Even a Dalit millionaire in India can’t buy a house for his mother in the ‘upper caste’ part of her village, or see his son marry an ‘upper caste’ girl. Despite the economic success of a small fraction of India’s Dalits, discrimination prevails and a top economist argues that in fact discrimination and repression are what underpin India’s economic growth, forcing the majority of Dalits into low paid and insecure labour situations.

Recently there have been a number of stories in the international media about so-called ‘untouchable millionaires’, Dalits who have fought against the caste system to climb to the economic top tier of Indian society. While it is encouraging that even a small fraction of Dalits are finding a way to improve the economic situation that was prescribed to them at birth many of these new millionaires warn that this should not be seen as a trend or as dismantling the Indian caste system. In fact, Hari Pippal, a Dalit millionaire who owns a large successful private hospital, a shoe factory, a dealership and a restaurant, believes that as India grows richer caste divisions are in fact becoming more pronounced, not less.

“As a rule India’s economic boom is only enjoyed by high-caste people. This is a great tragedy for India, because so much talent is being excluded,” Pippal says.

Even with his millionaire status Pippal still experiences caste discrimination explaining that when his son fell in love with an ‘upper caste’ girl, 100 members of her community showed up on his doorstep threatening to kill her parents if the two were to marry.

Another Dalit millionaire, Ashok Kade, Head of a $32 million construction business in Mumbai explains,

“I have bought 100 acres of farmland. I built a palace in the Dalit quarters of the village for my mother, but I still cannot build a house in the heart of the village, where the upper castes live. They won’t sell that land to a Dalit. That will take another revolution.”

Unfortunately this revolution to stop discrimination seems to be getting no closer as India grows richer. Although recent statistics from the Confederation of Indian Industry (CII) find that India Inc. Employs 18% Dalits, the President of the CII, Vice-Chairman of Tata Steel Mr. B. Muthuraman, explains that most of the Dalits are employed in very low grade jobs and their numbers in managerial and other higher posts are minimal or negligible.

This statement is echoed by Surinder Jodkha, a Sociololy Professor at Jawaharlal Nehru University in New Delhi, who has conducted a study of first-generation Dalit entrepreneurs.

“There are of course [Dalits] who are doing very well,” Jodhka comments, “But the absolute numbers in proportion to the Dalit population is statistically insignificant. To see it as a trend or something which is going to become a routine thing is an overstatement.”

In a recent comment piece, one of the world’s leading economists, Jayati Ghosh, who is a professor of Economics at Jawaharlal Nehru University and a member of the National Knowledge Commission advising the Prime Minister of India, in fact argues that this system of discrimination that keeps Dalits in the lowest level of occupation is what is underpinning India’s economic growth.

Ghosh says that, “A large number of social practices effectively restrict the economic activity of “lower caste” and Dalit groups and force them to supply very low wage labour in harsh and usually precarious conditions.” She argues that caste discrimination constricts the choice of occupation available to Dalits to an extent where they are forced to accept extremely low wages and otherwise unacceptable working conditions. Some Dalits are even forced into unpaid or slave labour as a result of this discrimination. She also explains that there is hardly any form of worker protection, job security or other benefits for the vast majority of Dalit workers.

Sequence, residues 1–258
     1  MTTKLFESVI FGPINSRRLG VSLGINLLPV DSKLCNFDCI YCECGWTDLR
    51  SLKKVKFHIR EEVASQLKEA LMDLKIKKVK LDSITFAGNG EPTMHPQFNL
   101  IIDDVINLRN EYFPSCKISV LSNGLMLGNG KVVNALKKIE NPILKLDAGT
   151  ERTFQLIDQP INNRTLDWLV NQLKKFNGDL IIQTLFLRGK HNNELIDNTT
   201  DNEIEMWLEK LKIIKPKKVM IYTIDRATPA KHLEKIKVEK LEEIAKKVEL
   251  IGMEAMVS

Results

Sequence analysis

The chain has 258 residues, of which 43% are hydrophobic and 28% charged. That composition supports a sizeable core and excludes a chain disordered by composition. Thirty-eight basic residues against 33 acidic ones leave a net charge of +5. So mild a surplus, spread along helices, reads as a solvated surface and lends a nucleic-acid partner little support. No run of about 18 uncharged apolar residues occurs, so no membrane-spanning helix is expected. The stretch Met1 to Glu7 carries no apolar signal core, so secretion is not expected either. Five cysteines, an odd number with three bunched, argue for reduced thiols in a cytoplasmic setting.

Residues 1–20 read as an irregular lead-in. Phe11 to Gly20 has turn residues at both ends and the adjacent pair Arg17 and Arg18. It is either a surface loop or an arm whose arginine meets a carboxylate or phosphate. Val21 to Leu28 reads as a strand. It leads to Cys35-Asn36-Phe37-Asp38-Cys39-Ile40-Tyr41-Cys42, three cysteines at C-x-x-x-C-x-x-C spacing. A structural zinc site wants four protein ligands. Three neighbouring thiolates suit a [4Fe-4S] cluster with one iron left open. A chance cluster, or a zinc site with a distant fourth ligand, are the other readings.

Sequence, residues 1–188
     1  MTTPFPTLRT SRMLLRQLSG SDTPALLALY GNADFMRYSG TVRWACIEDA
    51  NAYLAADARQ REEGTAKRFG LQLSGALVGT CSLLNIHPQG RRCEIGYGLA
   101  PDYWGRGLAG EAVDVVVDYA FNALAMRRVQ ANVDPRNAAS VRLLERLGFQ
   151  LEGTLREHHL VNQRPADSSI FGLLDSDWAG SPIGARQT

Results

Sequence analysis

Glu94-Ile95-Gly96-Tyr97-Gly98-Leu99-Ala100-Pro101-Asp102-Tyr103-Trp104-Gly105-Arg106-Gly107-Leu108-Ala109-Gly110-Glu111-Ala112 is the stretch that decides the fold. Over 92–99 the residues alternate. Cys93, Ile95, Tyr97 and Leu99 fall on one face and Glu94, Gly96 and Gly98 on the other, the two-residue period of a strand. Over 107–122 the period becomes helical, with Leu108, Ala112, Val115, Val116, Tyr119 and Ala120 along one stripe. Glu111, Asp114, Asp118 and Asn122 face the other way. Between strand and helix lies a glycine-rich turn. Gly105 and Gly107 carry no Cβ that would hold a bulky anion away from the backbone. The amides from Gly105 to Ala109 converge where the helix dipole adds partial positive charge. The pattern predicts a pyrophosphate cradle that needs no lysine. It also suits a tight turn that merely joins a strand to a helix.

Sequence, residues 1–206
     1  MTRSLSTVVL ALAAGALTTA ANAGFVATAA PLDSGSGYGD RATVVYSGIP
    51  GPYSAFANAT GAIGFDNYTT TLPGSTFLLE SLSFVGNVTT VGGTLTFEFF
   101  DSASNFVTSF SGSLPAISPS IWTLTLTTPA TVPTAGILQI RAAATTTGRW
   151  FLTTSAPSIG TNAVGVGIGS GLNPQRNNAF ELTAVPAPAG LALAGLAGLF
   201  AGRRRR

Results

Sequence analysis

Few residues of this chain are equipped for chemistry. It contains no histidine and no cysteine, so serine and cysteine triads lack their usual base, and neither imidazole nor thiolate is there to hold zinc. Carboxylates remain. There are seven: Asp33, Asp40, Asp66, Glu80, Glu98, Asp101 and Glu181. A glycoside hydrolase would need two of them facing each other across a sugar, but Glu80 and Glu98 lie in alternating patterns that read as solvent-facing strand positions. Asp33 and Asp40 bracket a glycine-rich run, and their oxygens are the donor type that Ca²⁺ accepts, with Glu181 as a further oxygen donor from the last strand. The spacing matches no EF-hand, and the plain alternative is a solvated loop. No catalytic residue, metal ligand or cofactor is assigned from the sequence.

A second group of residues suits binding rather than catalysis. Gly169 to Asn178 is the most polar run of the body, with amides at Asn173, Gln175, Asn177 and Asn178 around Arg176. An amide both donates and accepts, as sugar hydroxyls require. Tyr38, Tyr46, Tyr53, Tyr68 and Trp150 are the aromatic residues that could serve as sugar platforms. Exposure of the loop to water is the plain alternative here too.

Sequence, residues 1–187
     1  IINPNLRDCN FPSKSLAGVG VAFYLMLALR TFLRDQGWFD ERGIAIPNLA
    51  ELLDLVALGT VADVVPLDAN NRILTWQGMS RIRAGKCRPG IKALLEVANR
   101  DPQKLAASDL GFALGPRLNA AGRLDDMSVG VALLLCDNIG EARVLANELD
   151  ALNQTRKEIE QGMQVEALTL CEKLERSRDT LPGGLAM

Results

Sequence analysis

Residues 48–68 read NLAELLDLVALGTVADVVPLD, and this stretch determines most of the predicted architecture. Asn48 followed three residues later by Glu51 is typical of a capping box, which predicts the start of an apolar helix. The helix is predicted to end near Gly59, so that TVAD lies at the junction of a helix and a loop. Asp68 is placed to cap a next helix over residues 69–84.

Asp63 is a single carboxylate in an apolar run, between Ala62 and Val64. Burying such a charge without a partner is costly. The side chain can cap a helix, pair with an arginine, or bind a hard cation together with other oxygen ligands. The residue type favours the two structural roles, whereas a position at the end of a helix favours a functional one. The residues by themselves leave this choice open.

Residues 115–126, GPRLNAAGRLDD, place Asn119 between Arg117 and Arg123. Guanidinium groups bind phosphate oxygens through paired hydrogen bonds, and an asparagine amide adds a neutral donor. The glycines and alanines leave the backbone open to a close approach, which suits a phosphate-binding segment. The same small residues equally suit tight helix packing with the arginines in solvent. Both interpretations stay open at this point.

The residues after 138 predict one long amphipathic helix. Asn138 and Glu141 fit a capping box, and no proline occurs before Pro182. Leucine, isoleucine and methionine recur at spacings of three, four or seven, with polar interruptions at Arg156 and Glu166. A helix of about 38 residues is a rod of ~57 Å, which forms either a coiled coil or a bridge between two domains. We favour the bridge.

Nonetheless, many of India’s new Dalit Millionaires such as Pippal and Kade are doing what they can to try to help Dalits by employing them in their companies, building schools and roads and funding grants for Dalit students.  In a recent article in Boston’s global post three Dalit millionaires, who are members of the Dalit Indian Chamber of Commerce and Industry, describe how they had to fight against all odds to get to where they are and that if there is to be any hope to uplift Dalits more generally India’s system of job and education quotas must be continued and perhaps expanded to also incorporate business loans and advantages in the tender process for government contracts.

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More information:

See IDSN’s section on caste and business and CSR

Read about the Ambekar Principles: employment principles and additional principles to address economic and social exclusion of Dalits in South Asia

Read about the Dalit Discrimination Check: a tool developed specifically to help companies prevent discrimination and exploitation of Dalits in their Indian operations and suppliers 

This article is based on the following articles:

Capitalism in India, especially its globally integrated variant, has used modes of social discrimination and exclusion to advance itself (Frontline – Jayati Ghosh)

India’s untouchables make millions (Global Post – Jason Overdorf)

India’s Untouchable Millionaire: Entrepreneur who escaped the rigid caste system warns that it is becoming more divisive as India grows richer (The Guardian/ Observer – Amelia Gentleman )

New millionaires hope to serve as role models for India’s lower caste (The Washington Post – Rama Lakshmi)

CII survey says India Inc. Employs 18% Dalits (The Hindu – Divya Trivedi)